to Judah in terms of 3 different classes of people: Israel, the priests and the Levites. It can only be that Ezra himself must have had a hand in writing this letter, which really amounts to a royal decree. Speaking of Israel, the priests and Levites as 3 separate groups is a technical matter that only Jews would understand. And even so, it becomes clear that because of their exile to Babylon, and because the priesthood had essentially stopped functioning while in exile, and because new manmade customs and traditions had been created among the Jews to accommodate having no Temple and therefore no operable Priesthood, the God-ordained meaning of these important technical terms of God’s Torah began to blur. Yet apparently it was still understood that Israel (here meaning the common citizens, the lay people) were entirely separate from the Priests, who were separate from the Levites. This is a very good time to recollect that at Mt. Sinai during their exodus from Egypt, the Lord divided and separated the tribe of Levi away from the other tribes of Israel so far that they were not to be counted as among their brethren. CJB

Numbers 8:14 In this way you will separate the L’vi’im from the people of Isra’el, and the L’vi’im will belong to me. But in the Book of Numbers the term Levites was still a general reference to the tribe of Levi

(all tribal members of Levi without exception). However in addition to this disturbing and unexpected removal of the Tribe of Levi from the other Tribes of Israel by the Lord, those Levites who belonged to the clan of Eleazar (Eleazar was Aaron’s 3 rd son) were divided and separated away from the remainder of their Levite tribal brothers and ordained as God’s Priests. Thus Priests and Levites (although technically they were all from the Tribe of Levi) became two separate and distinct categories of Temple workers. The Priests could perform Temple rituals, but the other category, the Levites, could not. The Levites were blue-collar 8 / 12

Temple workers who worked for the Priests. Keep this in mind as we go forward because shortly this is going to play a significant role in our story. Verse 13 explains the reason for this formal written royal decree from Artaxerxes: Ezra was to

be the chief examiner of how the Temple and Jewish society in Judah was (or was not) properly following and applying God’s Law. In other words, Ezra was to evaluate if the laypeople, Priests and Levites who had some time ago migrated back to Judah were being properly Torah observant. Let’s pause and ask ourselves a question: why would Ezra and also the King think that such an inquiry was needed? Obviously the King wouldn’t know Torah observance if he was hit in the face with it. So it had to be that Ezra, the Torah scholar par excellence, had become aware that whatever was being practiced by the Jews in Judah it was far from what was ordained in God’s Torah, and so his zealousness for the Lord and concern for religious propriety led him to obtain royal approval to go down there and get things straightened out. A rich gift of silver and gold given by the king and his royal court was to be taken on the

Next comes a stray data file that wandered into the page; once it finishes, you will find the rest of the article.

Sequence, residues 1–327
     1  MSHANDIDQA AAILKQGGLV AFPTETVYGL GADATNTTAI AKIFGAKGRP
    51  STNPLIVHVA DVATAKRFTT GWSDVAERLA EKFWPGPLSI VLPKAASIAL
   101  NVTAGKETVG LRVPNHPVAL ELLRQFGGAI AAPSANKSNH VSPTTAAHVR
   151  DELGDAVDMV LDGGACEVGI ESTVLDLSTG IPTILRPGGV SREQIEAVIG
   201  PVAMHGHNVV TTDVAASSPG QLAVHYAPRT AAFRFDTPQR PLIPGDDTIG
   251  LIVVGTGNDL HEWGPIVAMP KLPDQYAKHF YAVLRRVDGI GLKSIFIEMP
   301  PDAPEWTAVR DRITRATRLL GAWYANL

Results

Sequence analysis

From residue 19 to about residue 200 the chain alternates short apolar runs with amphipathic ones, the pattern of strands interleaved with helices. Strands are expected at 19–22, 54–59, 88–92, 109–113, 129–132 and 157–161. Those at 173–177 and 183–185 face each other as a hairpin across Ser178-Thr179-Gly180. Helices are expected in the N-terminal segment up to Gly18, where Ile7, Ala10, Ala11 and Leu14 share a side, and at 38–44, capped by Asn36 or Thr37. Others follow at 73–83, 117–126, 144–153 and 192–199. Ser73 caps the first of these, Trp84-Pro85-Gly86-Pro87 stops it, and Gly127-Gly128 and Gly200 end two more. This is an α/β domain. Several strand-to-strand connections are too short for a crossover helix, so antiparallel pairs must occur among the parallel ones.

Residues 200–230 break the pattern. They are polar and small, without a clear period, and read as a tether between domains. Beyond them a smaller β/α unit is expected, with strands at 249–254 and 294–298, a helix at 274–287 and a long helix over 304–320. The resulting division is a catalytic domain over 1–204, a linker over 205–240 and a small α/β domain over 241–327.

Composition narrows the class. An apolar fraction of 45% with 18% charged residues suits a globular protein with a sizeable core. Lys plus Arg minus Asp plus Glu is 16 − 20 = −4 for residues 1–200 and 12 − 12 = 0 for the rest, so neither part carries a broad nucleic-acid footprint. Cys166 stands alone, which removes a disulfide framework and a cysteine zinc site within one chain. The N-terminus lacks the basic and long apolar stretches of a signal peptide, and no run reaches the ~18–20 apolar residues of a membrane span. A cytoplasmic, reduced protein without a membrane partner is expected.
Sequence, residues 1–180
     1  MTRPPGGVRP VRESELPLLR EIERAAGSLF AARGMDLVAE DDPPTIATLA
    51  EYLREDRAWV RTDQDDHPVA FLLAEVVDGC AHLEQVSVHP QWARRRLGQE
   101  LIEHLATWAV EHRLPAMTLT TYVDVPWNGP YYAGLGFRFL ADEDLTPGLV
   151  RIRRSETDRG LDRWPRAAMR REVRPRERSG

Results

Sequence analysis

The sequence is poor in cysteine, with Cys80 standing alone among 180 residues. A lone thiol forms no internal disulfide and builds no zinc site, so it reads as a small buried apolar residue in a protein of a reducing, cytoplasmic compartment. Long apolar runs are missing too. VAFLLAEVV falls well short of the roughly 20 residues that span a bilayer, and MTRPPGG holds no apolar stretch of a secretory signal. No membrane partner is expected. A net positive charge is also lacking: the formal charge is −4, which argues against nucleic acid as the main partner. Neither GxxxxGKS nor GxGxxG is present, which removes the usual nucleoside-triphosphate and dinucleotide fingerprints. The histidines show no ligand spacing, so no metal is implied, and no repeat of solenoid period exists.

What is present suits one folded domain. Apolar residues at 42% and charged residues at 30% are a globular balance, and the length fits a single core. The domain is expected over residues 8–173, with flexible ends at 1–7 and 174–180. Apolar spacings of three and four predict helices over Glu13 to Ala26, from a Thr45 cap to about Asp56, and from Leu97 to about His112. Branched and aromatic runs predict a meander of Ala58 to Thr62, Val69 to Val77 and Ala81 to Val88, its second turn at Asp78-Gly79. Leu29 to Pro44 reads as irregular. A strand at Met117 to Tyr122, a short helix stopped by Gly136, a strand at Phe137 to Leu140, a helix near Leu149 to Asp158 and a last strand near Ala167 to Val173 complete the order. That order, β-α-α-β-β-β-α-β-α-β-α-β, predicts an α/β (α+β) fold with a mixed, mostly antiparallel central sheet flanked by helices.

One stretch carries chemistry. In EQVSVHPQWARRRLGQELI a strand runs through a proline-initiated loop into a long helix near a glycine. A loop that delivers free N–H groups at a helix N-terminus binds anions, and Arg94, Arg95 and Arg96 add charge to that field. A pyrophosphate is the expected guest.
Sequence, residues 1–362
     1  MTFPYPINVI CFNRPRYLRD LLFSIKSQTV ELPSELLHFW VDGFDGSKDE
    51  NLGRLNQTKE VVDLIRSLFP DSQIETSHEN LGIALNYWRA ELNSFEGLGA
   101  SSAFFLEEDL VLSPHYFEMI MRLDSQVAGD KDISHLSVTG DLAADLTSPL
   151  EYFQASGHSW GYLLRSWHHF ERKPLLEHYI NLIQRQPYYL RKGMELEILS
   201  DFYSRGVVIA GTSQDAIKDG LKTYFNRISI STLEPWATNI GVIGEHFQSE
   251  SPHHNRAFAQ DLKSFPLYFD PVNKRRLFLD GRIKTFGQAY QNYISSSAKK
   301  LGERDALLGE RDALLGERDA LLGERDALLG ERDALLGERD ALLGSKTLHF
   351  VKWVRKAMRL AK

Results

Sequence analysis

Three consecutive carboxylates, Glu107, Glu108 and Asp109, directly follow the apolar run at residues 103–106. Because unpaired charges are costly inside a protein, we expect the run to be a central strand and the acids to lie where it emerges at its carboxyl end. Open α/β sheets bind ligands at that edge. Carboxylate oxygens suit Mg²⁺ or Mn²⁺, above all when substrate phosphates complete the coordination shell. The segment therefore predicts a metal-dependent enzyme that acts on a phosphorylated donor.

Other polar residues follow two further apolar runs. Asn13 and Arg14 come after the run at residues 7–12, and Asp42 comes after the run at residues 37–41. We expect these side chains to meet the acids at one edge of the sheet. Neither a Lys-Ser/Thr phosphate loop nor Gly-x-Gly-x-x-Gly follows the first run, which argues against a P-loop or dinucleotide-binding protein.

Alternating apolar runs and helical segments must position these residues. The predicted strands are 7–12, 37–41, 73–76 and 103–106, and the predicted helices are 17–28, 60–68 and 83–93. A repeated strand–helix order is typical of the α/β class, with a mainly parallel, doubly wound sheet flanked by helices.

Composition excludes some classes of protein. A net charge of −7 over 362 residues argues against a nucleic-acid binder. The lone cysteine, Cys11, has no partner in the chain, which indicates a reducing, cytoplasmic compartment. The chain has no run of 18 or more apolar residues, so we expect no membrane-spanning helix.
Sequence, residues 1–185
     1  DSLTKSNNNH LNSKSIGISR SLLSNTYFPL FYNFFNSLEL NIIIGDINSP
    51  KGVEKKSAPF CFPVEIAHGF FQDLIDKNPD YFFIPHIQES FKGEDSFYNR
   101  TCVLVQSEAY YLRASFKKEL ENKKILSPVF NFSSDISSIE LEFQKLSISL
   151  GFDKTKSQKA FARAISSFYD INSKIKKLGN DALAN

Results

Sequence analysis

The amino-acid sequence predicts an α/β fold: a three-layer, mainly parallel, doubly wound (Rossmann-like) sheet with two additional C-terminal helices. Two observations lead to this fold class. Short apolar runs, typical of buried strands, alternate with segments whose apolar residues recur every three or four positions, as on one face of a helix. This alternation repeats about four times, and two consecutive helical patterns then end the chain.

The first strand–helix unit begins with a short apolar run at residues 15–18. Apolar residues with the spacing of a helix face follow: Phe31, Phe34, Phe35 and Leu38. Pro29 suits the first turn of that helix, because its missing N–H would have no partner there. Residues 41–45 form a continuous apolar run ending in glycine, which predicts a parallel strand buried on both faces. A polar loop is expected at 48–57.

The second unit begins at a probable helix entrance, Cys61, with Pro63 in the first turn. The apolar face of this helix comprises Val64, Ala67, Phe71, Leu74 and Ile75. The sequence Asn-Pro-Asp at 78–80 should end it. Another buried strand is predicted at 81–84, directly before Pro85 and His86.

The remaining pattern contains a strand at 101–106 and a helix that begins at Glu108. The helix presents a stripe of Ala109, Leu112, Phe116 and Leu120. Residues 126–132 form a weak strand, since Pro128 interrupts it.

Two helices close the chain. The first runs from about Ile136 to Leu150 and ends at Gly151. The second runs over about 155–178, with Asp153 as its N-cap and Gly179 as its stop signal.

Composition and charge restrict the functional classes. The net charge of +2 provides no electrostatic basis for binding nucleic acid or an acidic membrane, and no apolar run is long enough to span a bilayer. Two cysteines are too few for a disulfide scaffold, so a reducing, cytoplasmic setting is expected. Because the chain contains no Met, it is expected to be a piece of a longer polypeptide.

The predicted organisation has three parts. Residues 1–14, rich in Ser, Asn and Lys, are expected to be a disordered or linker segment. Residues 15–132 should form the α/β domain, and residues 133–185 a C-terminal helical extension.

journey. But in addition more silver and gold collected from various donors in the vicinity of Babel were also to be taken to be used for Temple purposes. All of these donations were entirely voluntary. And then verse 17 outlines the use for this treasure of silver and gold; it is to be used to purchase sacrificial animals and other items used for Temple service. Verse 18 offers Ezra some leeway since the final tally he will go with isn’t yet known as the letter from the King is prepared. So if the sum allows for it, and there is more than enough for all the sacrifices, then Ezra can use his discretion on how to spend the remainder. However, says verse 19, all of it is earmarked for the Temple; it is not for personal or any other use. By saying this, it means that Ezra will be held accountable, and further it is a warning to other Persian officials not to try to skim a little off the top or get their piece of the pie (a rather customary practice of politicians forever). But even more, says verse 20, if at some point

more money is needed it can be obtained from the Persian treasury. However as we learned in the previous chapter, in reality the funds are to come not from the national Persian treasury but only from taxes collected in the Beyond the River satrapy, of which Judah was but one of the provinces. Even so, what Ezra was given was beyond generous. 9 / 12

Now in verse 21 a direct order is given to the various levels of officials in the Beyond the River satrapy. This means that this order extends beyond the governor of Judah and all of Judah’s officials. So in addition to the silver and gold already allotted, Ezra can ask for and receive up to about 7000 pounds of silver, 500 bushels of wheat, 500 gallons of wine, and 500 gallons of olive oil, along with unlimited amounts of salt. By now salt was available rather inexpensively but still it had to be mined with human labor and therefore was not free. And then we see the ulterior motive for King Artaxerxes’ largesse; in verse 23 he says that he

wants to be sure that nothing offensive is done against the Temple of the God of Heaven (the Jerusalem Temple) because he doesn’t want wrath to come against himself or the Persian Empire. This is not some throw away phrase. The King very much believed in the power of the various gods worshipped by the many different ethnic groups that comprised his kingdom. And his motto was: better safe than sorry. Pay them all, show respect for them all, and therefore the king and his empire ought to prosper. The God in Heaven in Jerusalem wasn’t special to Artaxerxes (so far as we know); this God was just another of many. And then in another show of respect for the Temple none of the Priests, Levites or Temple